The Abstract Random Learning Style Child1st Publications
Nov 23, 2022

The Abstract Random Learning Style

Heightened instincts and intuition make the AR gifted at reading signals that to others might be invisible. In addition, the AR is strongly motivated by the needs of others. Not just sensing them, but doing something about them.

Heightened instincts and intuition make the Abstract Random gifted at reading signals that to others might be invisible. In addition, the AR is strongly motivated by the needs of others. Not just sensing them, but doing something about them. Innocuous questions such as, “Which show do you want to watch?” or “Which game shall we play?” or “What shall we have for dinner tonight?” often throw the AR into what looks like indecision. Even though the AR knows clearly what they want, they worry that in making the choice, they will be depriving their companions of their own preferences! Taken further, this care for the welfare of others stirs an AR to action and can form the basis of their chosen career. Attunement and harmony are highly valued by the Abstract Random. Harmony with those around them is important for the AR, and this results in an unwillingness to argue unless the topic is one that is vitally important. 


The Abstract Random at School

This attunement to people carries over into the classroom where it impacts many facets of the child’s experience there. To the AR, all of life is about people and relationships. If they feel the teacher is not happy with them, they will be distressed. If the teacher takes a hard line with a child that the AR feels is overly harsh, they will become upset for that child. If the material being studied is not clearly related to the life of the AR, they will be unable to see its importance to their life. Many ARs drop out of classes that are technical and sterile and it is critical to show the importance of those classes as stepping stones towards achieving the final goal, which may be about helping people.


What Abstract Random Learners Need

  • Frequent feedback (To answer the question, “Am I on the right track?”)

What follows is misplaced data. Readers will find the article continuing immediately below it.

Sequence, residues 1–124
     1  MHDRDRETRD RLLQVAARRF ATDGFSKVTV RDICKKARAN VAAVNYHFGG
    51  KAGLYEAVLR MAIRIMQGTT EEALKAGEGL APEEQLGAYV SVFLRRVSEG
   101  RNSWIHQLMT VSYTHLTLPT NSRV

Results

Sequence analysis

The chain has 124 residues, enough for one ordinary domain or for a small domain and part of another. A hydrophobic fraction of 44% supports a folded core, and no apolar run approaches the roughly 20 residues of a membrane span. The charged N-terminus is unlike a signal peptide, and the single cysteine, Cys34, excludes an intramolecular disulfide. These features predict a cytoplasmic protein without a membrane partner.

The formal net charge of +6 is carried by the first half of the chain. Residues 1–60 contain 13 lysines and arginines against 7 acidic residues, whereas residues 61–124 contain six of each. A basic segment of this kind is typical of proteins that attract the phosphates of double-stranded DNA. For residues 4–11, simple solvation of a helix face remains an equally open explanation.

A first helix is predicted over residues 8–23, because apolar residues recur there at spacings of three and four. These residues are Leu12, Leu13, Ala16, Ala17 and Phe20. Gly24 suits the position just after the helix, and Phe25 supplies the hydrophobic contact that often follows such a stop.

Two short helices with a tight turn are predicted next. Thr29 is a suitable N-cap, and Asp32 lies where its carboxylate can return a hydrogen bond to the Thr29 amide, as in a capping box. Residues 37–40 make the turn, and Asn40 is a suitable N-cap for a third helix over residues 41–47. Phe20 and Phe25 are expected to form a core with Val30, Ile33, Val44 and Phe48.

• Ability to use their creativity (“I know what you want, but can I do it my way?”)
  • Teamwork and collaboration
  • Acceptance and validation of their feelings
  • Freedom from conflict
  • Ability to be spontaneous
  • Appreciation for their efforts
  • Freedom from competition
  • The ability to revise midstream once they have new information
  • Personalized learning that allows them to use their strengths
  • Relevance to people and to themselves


Sources of Stress at Home and School

  • When people jump to negative conclusions
  • Pressure to be more sequential
  • Being alone
  • Time limits, such as using a stopwatch to time their work
  • Strict, inflexible schedules
  • Having to be exacting with answers
  • Having to finish one thing before starting another
  • Being criticized unfairly or harshly
  • Demands to prove their intuitions


Helping Abstract Randoms Achieve a Good Balance

One of the dangers of being an Abstract Random, as you might imagine, is that they can be susceptible to those who would take advantage of their good nature and desire to help. When leading AR children, while it is very important to affirm their desire to care for others, we need to teach them that it is also wise to draw lines in the sand over which another person should not cross. 

Sometimes the only way to get this point across to the child is to not only show how this action will hurt them but to also show how it will not really help the other person either. For instance, the AR child will be alert to other students who ask for help with their work. It would be easy for the AR to become so involved in helping their classmate that they neglect to do their own work. 

You can say, “It would be best for Jane to do her own work because if she doesn’t, she won’t learn the material and might fail the class." Care for Jane’s welfare might prove to be the tipping point that will teach them to guard against unnecessary “helping.”



When we understand our own learning styles and the learning styles of those we interact with, it has a profound effect on our interactions and relationships.  If you would like to learn more about identifying learning styles, check out our blog, The Importance of Finding Your Child's Learning Style.

Need help finding your learning style, or those of a child or student?  Check out these helpful resources:

What is my Dominant Learning Style?
Characteristics of the Dominant Learning Styles
Gregorc's Style Delineator

If you have any questions, please contact us!



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